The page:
It’s almost too difficult to wrap my mind around – almost ten months from last August, I’ve successfully completed two semesters of college. In all honesty, I didn’t think that finishing my freshman year would seem like such a big deal to me when it happened, but seeing as how almost nothing went exactly how I expected it to, it suddenly feels like a huge accomplishment that I survived at all! Nevertheless, I’m still here, alive and kicking with my scholarships intact, GPA still in the safe zone, and my sanity only slightly eroded. This year was obviously a completely new experience for me, and I had to spend quite a bit of energy adjusting: some things I feel I dealt with well, while others I could’ve done better. Some experiences were nonstop fun, others lots of hard work, some anxiety-inducing, and some simply heartbreaking – however, I managed to learn from all of them, and I’ll be able to use that knowledge to better handle what comes next!
Here’s a recap of what I managed to pick up in terms of life experiences this year:
The Tony Stark method of studying: guaranteed to leave you sleep-deprived and your short-term memory overworked!
- Don’t become an expert in thermonuclear astrophysics the night before the test (AKA, study ahead of time!)
I picked up the unfortunate habit of waiting too long to study for exams near the end of my first semester – particularly pertaining to the final exam for my least favorite class, math, when I put off preparing for it until the day before. Whatever I did must have worked, because I got an A; however, it had the unfortunate side effect of making me think this would work every time! The spring semester was full of procrastination when it came to tests, even in classes that I liked. While night-before studying kept working technically (my grades didn’t slip much), it certainly wasn’t much fun, and caused me far more stress than it was worth. When the fall 2014 semester rolls around, I’ll be planning out my study schedule much more carefully and save myself a lot of worrying – and a lot of sleep!
- It’s okay to have awesome friends and spend time with them, and it’s also okay to want to be alone.
I met so many amazing people at LMU, especially in the Honors Program, that I can now call best friends without hesitation. I love them all so much, and we’ve had a ton of fun together over the past year, from sitting around complaining about classwork to going to movies, or just watching each other play video games and talking. Even though we’re pretty close now, they were still new friends near the beginning of the year, and I wanted to spend as much time with them as possible – but I’m not wired to be around people all the time, and now I realize that that’s perfectly fine. Since moving into a private dorm this past semester, I’ve been able to socialize on my own terms; whenever I want to be with people, I can be, and when I want to spend time by myself or withdraw for a while, I can do that too. As much as I imagined myself being an instant social butterfly when I started college, I don’t have to be all the time.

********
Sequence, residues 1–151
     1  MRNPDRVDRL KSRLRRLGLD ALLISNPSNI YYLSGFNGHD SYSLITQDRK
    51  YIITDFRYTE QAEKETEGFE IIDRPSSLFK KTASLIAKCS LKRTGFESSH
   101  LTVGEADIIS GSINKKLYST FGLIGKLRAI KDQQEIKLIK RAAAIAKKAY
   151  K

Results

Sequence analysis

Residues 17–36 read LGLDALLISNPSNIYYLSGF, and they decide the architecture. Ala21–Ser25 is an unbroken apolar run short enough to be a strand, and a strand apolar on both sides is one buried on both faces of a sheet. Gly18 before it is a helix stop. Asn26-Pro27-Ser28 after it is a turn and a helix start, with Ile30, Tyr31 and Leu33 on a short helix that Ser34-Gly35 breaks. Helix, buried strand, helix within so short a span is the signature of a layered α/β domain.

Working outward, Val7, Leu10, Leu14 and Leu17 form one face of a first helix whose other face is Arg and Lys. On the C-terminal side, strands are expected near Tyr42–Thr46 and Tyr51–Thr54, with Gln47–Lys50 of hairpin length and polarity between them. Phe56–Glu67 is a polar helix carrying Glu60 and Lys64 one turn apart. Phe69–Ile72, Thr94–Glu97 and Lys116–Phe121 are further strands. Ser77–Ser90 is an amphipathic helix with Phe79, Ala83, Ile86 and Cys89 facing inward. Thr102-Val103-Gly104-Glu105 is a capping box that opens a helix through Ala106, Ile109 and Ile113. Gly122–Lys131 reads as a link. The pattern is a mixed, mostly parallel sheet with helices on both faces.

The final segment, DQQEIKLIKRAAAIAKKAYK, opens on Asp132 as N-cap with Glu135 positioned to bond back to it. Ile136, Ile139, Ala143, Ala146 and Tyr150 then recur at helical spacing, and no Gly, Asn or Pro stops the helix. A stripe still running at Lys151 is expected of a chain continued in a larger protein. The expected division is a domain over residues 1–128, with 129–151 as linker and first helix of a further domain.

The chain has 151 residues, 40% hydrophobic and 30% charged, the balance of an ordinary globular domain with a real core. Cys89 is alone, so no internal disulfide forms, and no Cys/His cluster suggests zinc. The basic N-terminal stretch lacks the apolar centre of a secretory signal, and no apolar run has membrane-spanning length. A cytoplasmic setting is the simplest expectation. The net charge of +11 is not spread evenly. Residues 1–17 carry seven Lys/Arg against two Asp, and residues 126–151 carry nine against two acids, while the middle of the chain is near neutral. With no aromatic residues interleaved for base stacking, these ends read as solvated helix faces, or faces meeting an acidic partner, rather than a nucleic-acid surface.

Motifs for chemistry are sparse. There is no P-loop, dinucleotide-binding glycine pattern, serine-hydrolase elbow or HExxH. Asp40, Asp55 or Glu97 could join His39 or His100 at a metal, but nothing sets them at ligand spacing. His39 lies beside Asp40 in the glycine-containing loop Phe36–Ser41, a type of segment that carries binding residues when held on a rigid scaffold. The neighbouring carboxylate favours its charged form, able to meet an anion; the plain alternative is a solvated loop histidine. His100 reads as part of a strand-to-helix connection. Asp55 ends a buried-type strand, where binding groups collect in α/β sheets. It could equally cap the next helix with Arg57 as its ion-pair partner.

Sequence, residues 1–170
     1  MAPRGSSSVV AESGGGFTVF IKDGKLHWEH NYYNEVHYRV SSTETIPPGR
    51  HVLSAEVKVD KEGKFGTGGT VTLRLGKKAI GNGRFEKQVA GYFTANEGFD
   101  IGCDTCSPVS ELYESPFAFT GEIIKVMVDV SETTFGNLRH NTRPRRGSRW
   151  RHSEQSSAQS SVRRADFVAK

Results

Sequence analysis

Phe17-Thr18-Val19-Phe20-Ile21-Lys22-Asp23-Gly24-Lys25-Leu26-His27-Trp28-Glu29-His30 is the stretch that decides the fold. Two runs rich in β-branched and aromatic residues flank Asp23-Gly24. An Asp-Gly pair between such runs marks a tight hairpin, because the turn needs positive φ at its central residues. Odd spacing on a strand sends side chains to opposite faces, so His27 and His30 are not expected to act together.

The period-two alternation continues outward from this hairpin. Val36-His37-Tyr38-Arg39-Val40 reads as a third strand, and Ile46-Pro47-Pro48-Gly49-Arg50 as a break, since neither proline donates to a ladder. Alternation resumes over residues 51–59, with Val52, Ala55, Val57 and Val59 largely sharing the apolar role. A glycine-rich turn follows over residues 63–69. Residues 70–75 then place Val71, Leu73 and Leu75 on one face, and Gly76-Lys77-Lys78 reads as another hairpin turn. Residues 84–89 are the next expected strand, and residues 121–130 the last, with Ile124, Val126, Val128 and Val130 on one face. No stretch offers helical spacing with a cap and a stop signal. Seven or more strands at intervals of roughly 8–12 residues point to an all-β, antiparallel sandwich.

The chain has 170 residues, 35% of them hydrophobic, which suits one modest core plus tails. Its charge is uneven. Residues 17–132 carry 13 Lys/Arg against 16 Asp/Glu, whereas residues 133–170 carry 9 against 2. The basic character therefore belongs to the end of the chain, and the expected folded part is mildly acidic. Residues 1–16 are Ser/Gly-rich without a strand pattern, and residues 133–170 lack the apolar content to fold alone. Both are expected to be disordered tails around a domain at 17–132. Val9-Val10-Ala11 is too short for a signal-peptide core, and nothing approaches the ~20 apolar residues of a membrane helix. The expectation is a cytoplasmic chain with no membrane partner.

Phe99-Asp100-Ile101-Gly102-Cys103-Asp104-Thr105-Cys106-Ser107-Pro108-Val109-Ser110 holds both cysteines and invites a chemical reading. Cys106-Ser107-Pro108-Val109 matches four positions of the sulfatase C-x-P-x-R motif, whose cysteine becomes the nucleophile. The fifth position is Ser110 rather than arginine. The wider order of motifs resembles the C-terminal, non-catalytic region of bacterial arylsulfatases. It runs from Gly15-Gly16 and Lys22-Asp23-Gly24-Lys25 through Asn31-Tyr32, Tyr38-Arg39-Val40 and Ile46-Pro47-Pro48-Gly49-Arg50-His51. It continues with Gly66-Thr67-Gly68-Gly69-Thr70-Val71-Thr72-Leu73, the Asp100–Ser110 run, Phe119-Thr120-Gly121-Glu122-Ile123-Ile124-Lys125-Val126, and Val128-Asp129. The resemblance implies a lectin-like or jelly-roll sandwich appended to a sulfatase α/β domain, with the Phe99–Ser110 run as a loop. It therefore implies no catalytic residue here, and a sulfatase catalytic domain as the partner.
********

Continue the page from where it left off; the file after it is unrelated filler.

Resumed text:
Me singing “Let It Go” from Frozen at karaoke night in the student center – one of the few events during which I actually did “let it go” during my 2nd semester!
- Don’t get so caught up in acting “grown up”; it’s alright to ask for help and to be a bit unsophisticated!
I remember clearly how I felt when I first began college: at last, I had left the penitentiary of superficial immaturity also known as “high school” behind! I was an adult, and could thus start focusing on serious adult business. I was going to decimate my way through freshman year if it was the last thing I did, all the while being completely responsible, strong, and self-sufficient! Yeah, you guessed it: didn’t work out so well. I ended up needing tons of practical and emotional support from my parents, friends, and faculty. A legal adult I may be, but for all intents and purposes, I’m still an adolescent, and that isn’t a bad thing – it just means that I still need a few safety nets as I take on more responsibilities. And becoming more “grown up” definitely doesn’t have to mean becoming boring. If anything, letting loose and forgetting about serious adult business to have fun for a while is even more gratifying now than it was in high school!
Sometimes it helps me to imagine my life as a book when I’m struggling with particularly difficult times – would my readers cheer for my choices or be disappointed?
- If something goes terribly wrong, let it take its course, but don’t be destroyed by it.
Midway into this past semester, I was told that something I had been counting on happening in my academic career wouldn’t be going quite the way I anticipated it to, and in fact wouldn’t be happening at all. I was devastated – furious, frustrated, like I had a rug pulled out from under me with no warning. For a few weeks near the end of the year, I even suspected that my depression might be returning because of it. I had to take a mental health day from class or have a good cry now and then, but I knew I couldn’t let the news destroy me completely, because my time in college was limited and precious and I’d never get this semester back. And so I pressed on the best I could, still disheartened and frustrated but doing what I knew had to be done. It was definitely hard, but I survived – and that’s what counts.
Perhaps overall the most important thing I learned this year? To not compromise myself for anyone or anything, no matter what happens, and to keep moving forward no matter how difficult a situation is or appears to be.
Sophomore year doesn’t start for another few months – I’ll have plenty of time to plan my approach to the coming year during that time. Meanwhile, I’ll be keeping my blog updated with what’s going on in my life this summer, so feel free to follow me to hear more about my adventures!